It definitely looks like a scam, but there is no way your bank can know (at this stage) that it is definitely a scam. The bank doesn't have enough information at this stage to make such a pronouncement. Could it be that the bank employee was simply trying to be reassuring when he said that?

The money may or may not arrive, but either way this seems to be a well known way to compromise people's accounts.


I don't see how overpayment can lead to account compromise.

Dylan Jan Hartmann wrote:
So what should she do when/if the money (4x invoiced amount) arrives in her account? Or should we presume it will never arrive!?


Well, it's an e-cheque, so AFAIK the money won't ever arrive if she does not cash the cheque. If she simply ignores it (and if her bank does not automatically process e-cheques without asking the account holder), no money should ever arrive.


 

Samuel Murray  Identity Verified
Netherlands
Local time: 15:44
Member (2006)
English to Afrikaans
+ ...
SITE LOCALIZER
@Joel Jan 24, 2019

Joel Pina Diaz wrote:
New accounts make the check a valid document with funds at the beginning (15 to 30 days). If check goes thru and you get any money keep it for minimum 60 days. That will cover you if the scammer close the account.


I have read your post several times (particularly the first sentence) but I don't know what you mean.


B D Finch
 

Rudolf Vedo  Identity Verified
United States
Local time: 08:44
Member (2008)
Croatian to English
+ ...
Scam, obviously, but your info is pretty safe Jan 24, 2019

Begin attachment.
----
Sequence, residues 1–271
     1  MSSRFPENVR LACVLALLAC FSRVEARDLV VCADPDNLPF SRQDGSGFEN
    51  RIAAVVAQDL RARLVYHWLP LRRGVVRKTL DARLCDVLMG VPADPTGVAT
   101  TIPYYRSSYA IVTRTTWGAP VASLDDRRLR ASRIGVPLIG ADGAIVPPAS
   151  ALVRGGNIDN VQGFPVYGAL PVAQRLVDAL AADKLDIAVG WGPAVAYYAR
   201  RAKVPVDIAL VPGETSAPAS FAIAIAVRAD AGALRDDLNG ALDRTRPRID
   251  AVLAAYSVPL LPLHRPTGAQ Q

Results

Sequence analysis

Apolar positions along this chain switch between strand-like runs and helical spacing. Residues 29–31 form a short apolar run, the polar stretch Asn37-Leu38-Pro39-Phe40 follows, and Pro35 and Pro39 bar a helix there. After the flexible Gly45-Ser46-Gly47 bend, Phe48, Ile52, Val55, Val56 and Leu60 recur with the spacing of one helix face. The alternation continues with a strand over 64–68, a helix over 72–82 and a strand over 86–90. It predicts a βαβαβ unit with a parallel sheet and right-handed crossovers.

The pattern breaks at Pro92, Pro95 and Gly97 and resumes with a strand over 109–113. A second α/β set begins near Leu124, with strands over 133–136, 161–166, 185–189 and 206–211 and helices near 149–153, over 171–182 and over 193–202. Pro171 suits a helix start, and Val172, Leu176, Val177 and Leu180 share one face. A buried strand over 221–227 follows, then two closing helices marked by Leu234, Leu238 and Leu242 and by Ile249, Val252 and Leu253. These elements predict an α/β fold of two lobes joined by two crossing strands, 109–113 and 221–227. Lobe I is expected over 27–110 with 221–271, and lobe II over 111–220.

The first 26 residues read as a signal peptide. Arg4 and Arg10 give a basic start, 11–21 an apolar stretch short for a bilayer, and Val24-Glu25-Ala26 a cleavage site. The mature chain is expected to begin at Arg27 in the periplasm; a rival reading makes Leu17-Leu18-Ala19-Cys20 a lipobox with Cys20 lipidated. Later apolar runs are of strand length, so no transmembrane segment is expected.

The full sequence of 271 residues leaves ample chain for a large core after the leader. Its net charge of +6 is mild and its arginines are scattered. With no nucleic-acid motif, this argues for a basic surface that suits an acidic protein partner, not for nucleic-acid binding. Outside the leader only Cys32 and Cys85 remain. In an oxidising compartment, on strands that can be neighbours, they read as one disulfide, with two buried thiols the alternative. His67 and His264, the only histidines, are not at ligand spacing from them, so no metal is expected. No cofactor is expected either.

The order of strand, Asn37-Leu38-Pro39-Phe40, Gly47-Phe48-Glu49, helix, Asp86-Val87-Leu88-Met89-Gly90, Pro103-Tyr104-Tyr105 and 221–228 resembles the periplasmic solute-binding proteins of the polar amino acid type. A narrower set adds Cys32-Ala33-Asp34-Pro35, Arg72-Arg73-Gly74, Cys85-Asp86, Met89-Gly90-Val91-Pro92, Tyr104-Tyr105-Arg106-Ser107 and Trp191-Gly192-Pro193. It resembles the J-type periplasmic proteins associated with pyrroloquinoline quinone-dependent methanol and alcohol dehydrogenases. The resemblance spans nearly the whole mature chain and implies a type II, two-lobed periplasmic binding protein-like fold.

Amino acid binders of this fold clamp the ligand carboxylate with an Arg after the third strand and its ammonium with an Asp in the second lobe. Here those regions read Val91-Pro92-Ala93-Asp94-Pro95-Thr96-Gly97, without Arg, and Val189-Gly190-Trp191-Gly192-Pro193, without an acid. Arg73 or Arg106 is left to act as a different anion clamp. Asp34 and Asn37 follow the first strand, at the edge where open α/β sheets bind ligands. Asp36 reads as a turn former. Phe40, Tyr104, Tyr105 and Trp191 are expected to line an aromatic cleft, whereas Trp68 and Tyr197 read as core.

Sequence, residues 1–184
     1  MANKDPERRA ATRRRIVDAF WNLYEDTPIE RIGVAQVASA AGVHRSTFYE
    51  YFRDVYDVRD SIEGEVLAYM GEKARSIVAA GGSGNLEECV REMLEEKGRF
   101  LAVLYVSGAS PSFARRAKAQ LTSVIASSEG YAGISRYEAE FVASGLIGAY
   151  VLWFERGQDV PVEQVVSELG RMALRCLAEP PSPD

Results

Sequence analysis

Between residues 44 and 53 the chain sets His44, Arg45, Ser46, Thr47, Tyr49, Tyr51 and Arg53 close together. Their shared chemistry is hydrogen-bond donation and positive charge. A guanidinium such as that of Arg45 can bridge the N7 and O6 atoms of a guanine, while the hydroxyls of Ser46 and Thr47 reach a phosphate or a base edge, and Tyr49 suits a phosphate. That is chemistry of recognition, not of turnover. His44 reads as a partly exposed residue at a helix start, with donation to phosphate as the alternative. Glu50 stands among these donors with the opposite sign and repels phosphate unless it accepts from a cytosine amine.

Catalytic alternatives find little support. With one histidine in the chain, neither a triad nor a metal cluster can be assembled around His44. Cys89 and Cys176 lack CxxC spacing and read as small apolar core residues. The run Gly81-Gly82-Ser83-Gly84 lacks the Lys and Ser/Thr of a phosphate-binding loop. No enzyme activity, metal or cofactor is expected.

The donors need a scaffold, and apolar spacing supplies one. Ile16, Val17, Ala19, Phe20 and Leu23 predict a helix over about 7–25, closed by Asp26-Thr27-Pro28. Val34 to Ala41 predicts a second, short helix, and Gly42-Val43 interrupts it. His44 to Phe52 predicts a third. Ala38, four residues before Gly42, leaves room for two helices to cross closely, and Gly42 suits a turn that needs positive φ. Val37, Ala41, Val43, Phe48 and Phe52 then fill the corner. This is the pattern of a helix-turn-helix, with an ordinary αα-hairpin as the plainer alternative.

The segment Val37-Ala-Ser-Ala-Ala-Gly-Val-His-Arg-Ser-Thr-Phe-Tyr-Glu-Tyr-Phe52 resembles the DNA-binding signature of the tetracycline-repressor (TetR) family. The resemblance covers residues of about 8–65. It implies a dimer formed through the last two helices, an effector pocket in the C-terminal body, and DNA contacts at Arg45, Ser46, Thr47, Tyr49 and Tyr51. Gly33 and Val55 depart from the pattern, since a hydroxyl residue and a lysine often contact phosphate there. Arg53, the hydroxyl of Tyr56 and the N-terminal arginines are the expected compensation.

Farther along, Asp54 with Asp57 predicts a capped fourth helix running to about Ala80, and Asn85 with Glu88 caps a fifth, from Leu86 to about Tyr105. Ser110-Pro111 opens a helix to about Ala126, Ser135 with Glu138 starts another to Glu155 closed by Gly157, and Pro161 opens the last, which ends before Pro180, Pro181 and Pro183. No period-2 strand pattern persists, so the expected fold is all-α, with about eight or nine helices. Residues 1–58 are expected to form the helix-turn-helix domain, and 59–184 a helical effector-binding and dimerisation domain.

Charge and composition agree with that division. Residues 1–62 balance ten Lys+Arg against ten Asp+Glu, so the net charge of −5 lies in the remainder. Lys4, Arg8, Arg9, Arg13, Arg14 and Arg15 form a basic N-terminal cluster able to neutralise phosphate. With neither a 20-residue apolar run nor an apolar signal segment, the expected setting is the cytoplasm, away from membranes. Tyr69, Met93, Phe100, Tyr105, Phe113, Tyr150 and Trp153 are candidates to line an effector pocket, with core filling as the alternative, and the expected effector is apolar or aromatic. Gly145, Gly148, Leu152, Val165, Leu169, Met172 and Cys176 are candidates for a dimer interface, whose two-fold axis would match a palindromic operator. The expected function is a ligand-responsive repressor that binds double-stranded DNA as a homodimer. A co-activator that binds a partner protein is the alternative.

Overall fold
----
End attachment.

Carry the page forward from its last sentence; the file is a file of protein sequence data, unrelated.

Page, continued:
Of course this has scam written all over it, but opening another account and moving your money to it was probably overkill - the routing number of any US bank is easily found online and your account number is available to anyone you've sent a check to or made an online payment to from your bank account. All the scammer can do is send you money. Well, there are a few outlandish scenarios where he or she can do more, but those would require compromising your online banking credentials including tw... See more
Of course this has scam written all over it, but opening another account and moving your money to it was probably overkill - the routing number of any US bank is easily found online and your account number is available to anyone you've sent a check to or made an online payment to from your bank account. All the scammer can do is send you money. Well, there are a few outlandish scenarios where he or she can do more, but those would require compromising your online banking credentials including two-factor authentication, or stealing your entire identity and successfully impersonating you in person at your bank (which would only work if the staff there is astonishingly stupid and criminally negligent).

Was the scammer going to send the money to your bank account by PayPal? E-checks are PayPal instruments IIRC, but not unlike instant transfers take a few days to clear. Actual wire transfers are generally not reversible, though international bank drafts and cashier's checks of course are if discovered to be fraudulent.
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Katalin Horváth McClure  Identity Verified
United States
Local time: 09:44
Member (2002)
English to Hungarian
+ ...
Typical overpayment scam - Kristin, read this article Jan 25, 2019

http://wiki.proz.com/wiki/index.php/Detecting_and_reacting_to_false_job_offers_and_other_scams